Exploring ocean model output

Big data machine learning to explore ocean model output


Location: Kiel

Disciplines: physical oceanography, applied mathematics, computer science

Keywords: physical ocean modelling, machine learning, numerical algorithms

Relative vorticity (rotary motions in s-1) in a 1/60° model around South Africa demonstrating the different scales of oceanic motions.

Motivation: High-resolution ocean models produce large amounts of output data, typically in the range of tens to hundreds of terabytes. The physical oceanographer analyses the 4D output in space and time in respect to specific hypotheses and analyses, leaving the majority of data unexplored. This PhD topic is to research the spatio-temporal output of ocean models with big data techniques. The aim is to identify patterns that point to numerical and computational specifics, maybe find inconsistencies in the used software codes. Ultimately, they should lead to new physical understanding which helps the domain scientists to derive and test new hypotheses

The challenge is to cope with only limited RAM (main memory) of the computer, where all computations take place. Today, expensive platforms with about 1 TB RAM are available, but this is the technical limitation. Modern methods for the analysis or for computational problems with big data addresses either external memory or streaming algorithms. In this project we will develop new machine learning algorithms with supervised learning (annotated data) as well as unsupervised learning using new algorithmic techniques for big data computations.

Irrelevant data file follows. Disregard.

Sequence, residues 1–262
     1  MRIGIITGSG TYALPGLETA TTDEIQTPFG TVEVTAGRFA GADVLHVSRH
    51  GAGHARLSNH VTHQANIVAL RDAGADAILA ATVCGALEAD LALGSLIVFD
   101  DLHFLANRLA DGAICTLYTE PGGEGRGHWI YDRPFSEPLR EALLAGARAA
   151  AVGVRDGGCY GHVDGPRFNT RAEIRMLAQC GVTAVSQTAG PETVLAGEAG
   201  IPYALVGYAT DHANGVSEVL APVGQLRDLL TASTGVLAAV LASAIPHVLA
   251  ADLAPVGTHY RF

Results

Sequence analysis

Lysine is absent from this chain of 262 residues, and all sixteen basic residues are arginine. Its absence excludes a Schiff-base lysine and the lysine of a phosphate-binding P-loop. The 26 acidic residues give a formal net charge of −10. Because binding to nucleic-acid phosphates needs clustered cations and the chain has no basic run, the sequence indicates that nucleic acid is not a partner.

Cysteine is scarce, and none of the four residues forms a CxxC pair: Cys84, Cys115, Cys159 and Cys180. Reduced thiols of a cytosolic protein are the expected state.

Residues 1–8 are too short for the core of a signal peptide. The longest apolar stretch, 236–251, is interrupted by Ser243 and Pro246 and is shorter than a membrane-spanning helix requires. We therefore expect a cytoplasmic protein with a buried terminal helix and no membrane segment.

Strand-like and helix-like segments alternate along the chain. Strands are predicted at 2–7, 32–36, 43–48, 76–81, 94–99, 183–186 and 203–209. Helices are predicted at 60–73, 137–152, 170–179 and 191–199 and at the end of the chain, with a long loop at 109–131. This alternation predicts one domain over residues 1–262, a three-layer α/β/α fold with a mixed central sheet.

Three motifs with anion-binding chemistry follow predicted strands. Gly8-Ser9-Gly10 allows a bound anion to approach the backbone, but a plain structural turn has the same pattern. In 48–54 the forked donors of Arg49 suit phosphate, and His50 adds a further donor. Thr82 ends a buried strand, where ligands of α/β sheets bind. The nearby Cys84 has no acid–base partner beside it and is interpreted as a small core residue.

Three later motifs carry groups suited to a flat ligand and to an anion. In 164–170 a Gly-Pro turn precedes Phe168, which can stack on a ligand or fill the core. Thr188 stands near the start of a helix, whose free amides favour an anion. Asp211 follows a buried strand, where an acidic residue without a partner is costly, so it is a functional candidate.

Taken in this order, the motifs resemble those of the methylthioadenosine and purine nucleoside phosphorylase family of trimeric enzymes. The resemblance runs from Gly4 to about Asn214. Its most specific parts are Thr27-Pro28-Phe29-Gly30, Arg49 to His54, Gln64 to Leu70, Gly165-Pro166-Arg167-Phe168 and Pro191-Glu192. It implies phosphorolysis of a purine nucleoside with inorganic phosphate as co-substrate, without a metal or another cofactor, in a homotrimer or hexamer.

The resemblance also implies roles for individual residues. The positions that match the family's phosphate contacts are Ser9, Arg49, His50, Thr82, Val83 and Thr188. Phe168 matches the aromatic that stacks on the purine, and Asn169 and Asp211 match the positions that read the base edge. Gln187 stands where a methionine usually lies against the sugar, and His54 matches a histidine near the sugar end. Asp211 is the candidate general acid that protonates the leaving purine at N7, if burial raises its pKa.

Aim: In the project we will investigate hypotheses from oceanography. We aim to design taylor-made algorithms in the limited memory models of computation and test them on HPC platforms with maximum available RAM. Such techniques make sense, when the hypothesis leads to a formalizable goal implantable into mathematical search or optimization problems. If the hypothesis is “blind”, for example, if we wish to learn unknown patterns, new machine learning methods are required. Here, we wish to develop algorithms for the specific problems based on recent breakthrough in stochastic gradient decent (Allen-Zhu, 2018).

Objectives: (1) Develop algorithm for 4D ocean models and train with small data samples, (2) Improve and optimize memory usage, (3) Apply to high-resolution ocean model output.


  • Allen-Zhu, Z., 2018. Katyusha X: Practical Momentum Method for Stochastic Sum-of-Nonconvex Optimization. Proceedings of the 35th International Conference on Machine Learning, ICML 2018:179-185
  • Biastoch, A., Durgadoo, J. V, Morrison, A.K., van Sebille, E., Weijer, W., Griffies, S.M., 2015. Atlantic Multi-decadal Oscillation covaries with Agulhas leakage. Nat. Commun. 6, 10082. doi:10.1038/ncomms10082
  • Wedemeyer, A., Kliemann, L., Srivastav, A., Schielke, C., Reusch, T.B., Rosenstiel, P., 2017. An improved filtering algorithm for big read datasets and its application to single-cell assembly. BMC Bioinformatics 18, 324. doi:10.1186/s12859-017-1724-7